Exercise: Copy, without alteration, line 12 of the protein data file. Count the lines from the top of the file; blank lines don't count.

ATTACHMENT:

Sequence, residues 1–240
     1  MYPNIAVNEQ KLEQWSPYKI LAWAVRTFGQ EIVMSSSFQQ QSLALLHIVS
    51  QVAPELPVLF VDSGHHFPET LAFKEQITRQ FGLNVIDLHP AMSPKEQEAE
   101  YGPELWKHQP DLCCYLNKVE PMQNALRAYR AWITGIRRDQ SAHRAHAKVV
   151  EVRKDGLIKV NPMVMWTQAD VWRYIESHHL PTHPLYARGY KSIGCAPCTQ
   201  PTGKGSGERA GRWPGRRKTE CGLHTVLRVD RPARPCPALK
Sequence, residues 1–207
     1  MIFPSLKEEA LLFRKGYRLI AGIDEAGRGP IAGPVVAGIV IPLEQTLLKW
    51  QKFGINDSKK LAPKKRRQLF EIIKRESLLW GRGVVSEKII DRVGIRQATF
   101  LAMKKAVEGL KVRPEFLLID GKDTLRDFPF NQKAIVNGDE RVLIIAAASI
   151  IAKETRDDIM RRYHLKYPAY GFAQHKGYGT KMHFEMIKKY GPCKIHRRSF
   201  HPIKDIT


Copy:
   201  HPIKDIT